Having to be Mean

Overall, I consider myself to be a genial individual.

From an early age, I learned how to exchange pleasantries with strangers, how to ask polite questions to put others at ease, and how to make polite conversation about nothing.

A few weeks ago, I made the (now apparent) mistake of conversing about the weather with a stranger at the Metro stop. It was really darned cold during that period, and we talked about how cold it was.

Given my background, I thought we were doing what strangers do when shivering under the heaters at the Metro stop, desperate for some relief from the cold. When you’re ass-cold, you like to tell other people who are also ass-cold, that you’ve been colder before.

It makes you feel somewhat better. For example, “When I lived in Wisconsin, it was much colder than this. This is warm compared to Wisconsin. Wisconsin was bone-chilling cold.” See, you suddenly feel less ass-cold.

After our conversation, I thought we might say “hello” to one another in the morning, or give a brief nod and smile. Because that’s what you do with strangers after you’ve had a brief, impersonal conversation with them. You stay nice, but you stay back.

The stranger, however, interpreted our polite Metro-stop-conversation as a sign that I wanted to be his best friend.

He quickly progressed to standing right in front of me until I acknowledged his presence. He started putting his hand over my phone when I was clearly occupied with other activities. He started making fun of me to get my attention.

He crossed over all sorts of Metro-stop-stranger boundaries.

One morning, a woman pulled me aside and whispered, “You know, if you ever feel like he’s hitting on you, you can come talk to me.”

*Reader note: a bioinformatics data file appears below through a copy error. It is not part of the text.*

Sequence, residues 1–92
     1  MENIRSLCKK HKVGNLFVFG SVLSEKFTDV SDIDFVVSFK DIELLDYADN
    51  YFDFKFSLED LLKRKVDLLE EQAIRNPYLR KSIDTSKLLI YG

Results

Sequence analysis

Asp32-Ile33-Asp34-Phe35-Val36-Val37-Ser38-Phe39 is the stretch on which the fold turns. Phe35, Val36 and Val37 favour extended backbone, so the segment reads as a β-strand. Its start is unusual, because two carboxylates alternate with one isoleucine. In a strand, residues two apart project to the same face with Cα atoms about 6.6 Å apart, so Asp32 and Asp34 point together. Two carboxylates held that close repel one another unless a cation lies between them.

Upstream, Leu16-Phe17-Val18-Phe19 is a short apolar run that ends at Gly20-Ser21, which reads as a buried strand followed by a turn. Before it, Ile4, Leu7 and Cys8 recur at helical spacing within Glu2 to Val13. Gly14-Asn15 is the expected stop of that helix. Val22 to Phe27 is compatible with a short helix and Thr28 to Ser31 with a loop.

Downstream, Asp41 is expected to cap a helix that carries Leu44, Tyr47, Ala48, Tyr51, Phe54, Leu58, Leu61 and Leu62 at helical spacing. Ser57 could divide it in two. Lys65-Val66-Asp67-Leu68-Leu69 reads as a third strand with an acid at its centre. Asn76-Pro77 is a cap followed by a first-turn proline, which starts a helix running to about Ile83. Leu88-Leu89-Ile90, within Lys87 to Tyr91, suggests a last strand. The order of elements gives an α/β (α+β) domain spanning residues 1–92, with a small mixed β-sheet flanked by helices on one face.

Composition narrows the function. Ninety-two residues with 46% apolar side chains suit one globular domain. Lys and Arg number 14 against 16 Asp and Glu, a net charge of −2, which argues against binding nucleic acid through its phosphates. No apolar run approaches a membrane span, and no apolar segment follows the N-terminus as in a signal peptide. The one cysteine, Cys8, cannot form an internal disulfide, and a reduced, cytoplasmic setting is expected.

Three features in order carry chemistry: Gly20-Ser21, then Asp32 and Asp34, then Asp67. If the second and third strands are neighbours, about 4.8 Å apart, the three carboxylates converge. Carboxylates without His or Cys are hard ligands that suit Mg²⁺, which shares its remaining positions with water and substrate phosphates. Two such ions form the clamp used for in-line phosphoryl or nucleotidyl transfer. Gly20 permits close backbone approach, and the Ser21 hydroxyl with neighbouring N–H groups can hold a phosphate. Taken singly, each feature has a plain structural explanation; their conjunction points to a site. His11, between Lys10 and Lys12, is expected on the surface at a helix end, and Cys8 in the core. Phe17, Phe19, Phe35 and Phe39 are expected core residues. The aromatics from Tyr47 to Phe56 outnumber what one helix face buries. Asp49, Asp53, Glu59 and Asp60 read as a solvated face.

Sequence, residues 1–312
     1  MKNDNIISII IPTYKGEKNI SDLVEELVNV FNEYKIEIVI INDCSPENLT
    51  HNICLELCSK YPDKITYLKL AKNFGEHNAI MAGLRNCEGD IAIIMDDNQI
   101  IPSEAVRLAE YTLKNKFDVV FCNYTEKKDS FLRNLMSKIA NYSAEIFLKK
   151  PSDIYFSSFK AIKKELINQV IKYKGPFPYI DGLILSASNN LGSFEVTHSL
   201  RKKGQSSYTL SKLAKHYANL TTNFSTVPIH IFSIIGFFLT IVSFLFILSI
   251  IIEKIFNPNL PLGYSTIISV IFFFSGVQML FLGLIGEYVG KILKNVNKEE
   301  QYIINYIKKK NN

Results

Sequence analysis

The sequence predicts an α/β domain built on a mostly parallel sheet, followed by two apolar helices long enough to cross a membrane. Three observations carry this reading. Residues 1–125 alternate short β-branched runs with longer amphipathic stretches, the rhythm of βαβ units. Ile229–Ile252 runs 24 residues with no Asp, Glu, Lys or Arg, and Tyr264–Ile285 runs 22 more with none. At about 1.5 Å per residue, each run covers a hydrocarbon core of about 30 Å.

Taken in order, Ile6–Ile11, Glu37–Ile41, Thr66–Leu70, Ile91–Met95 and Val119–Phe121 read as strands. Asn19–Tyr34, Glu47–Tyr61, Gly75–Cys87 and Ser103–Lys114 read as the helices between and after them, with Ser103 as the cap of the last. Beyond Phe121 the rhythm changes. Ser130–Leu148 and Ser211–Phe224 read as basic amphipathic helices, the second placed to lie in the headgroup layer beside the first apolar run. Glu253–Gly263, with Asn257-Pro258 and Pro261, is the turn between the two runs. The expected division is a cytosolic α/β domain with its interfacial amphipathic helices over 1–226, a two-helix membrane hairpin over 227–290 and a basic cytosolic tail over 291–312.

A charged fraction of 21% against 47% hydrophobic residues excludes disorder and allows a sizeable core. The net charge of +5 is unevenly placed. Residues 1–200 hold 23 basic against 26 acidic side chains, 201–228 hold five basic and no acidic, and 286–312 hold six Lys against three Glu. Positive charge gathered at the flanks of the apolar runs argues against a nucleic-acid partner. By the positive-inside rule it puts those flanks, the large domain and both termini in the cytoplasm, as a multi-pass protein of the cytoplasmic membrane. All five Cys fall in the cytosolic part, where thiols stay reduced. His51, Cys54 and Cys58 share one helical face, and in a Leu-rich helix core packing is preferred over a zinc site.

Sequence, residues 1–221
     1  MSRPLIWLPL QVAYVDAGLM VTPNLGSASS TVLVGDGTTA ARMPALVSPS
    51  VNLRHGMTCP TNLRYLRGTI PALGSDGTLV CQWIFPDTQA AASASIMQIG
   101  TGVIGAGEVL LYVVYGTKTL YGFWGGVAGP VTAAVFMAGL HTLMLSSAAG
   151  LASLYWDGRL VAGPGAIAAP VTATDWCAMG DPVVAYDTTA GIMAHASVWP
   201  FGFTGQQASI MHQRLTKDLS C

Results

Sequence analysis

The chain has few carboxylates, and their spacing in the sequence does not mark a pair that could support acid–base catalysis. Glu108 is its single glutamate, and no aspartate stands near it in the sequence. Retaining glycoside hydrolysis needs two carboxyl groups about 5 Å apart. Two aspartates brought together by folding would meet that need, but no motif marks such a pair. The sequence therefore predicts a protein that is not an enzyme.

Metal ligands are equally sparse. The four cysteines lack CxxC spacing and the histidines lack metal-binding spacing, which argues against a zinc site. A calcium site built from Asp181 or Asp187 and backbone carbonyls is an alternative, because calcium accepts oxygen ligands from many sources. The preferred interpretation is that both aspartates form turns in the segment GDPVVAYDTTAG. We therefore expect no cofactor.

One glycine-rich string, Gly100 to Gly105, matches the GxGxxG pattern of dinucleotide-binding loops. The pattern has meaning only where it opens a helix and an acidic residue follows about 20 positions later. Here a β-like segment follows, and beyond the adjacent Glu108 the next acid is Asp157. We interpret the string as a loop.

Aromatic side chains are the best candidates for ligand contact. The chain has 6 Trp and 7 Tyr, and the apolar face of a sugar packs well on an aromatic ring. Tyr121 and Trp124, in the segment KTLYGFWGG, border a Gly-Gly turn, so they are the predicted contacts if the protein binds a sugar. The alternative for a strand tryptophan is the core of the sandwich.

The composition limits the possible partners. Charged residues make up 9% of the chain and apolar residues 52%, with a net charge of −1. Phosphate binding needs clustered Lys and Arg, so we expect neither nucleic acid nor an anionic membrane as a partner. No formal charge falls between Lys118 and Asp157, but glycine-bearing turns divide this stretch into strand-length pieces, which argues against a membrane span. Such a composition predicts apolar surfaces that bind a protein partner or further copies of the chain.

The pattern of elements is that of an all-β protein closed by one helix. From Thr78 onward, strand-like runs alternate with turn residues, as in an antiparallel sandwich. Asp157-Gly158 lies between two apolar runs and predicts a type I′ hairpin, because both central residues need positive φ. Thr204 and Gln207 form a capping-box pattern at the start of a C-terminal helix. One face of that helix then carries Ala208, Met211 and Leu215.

Other people notice that this guy is not operating according to the polite stranger etiquette code.

So, I’m having to pull out the meanness.

For me, this is Phase 1:  Non-acknowledgment, and Phase 2: Keeping in my Earphones and Ignoring Questions. Tomorrow morning, I might have to practice Phase 3: Standing in a Different Spot and/or Moving Away.

It’s a weak meanness, but even this feels huge to me.

I like public transportation…but I often do not like the people on it: the guy who told me I made him hard and wouldn’t leave me alone for a couple weeks, the guy who made fun of me because of my peach fuzz, the guy who made fun of me because of my short hair…the current problem-guy. Interestingly, all men, which makes me sense a trend. Metro misogyny, anyone?

Anyway, starting my morning by having to be mean really starts things off on the wrong foot.

It is my hope that the current guy will quickly get the message and leave me the eff alone. Why can’t all people just be nice and polite?

3 thoughts on “Having to be Mean

  1. Darcie says:

    Good grief! This sounds terrible! It was nice of your fellow traveler to offer you a safe haven of sorts, but I wish it hadn’t come to that. Don’t think of it as having to be mean; consider it to be taking charge of your own space.

    Be strong, friend!

    • carrie says:

      I like your interpretation infinitely more. I don’t know why I always think of it as being mean. Geez, let me dust off my feminism badge.

      Here’s to taking charge of my own space!

  2. Your post reminded me of how deeply ingrained “Be nice!!” is for me…how standing up for myself, at 46 no less, is sometimes still a struggle. I’m glad you are able to do so Carrie – and believe me, the measures you describe are NOT mean, not at all. I admire the ability to think ahead to what you will do…and what you’ll do if that fails! You also obviously have a conscience…and that in itself is admireable. :)

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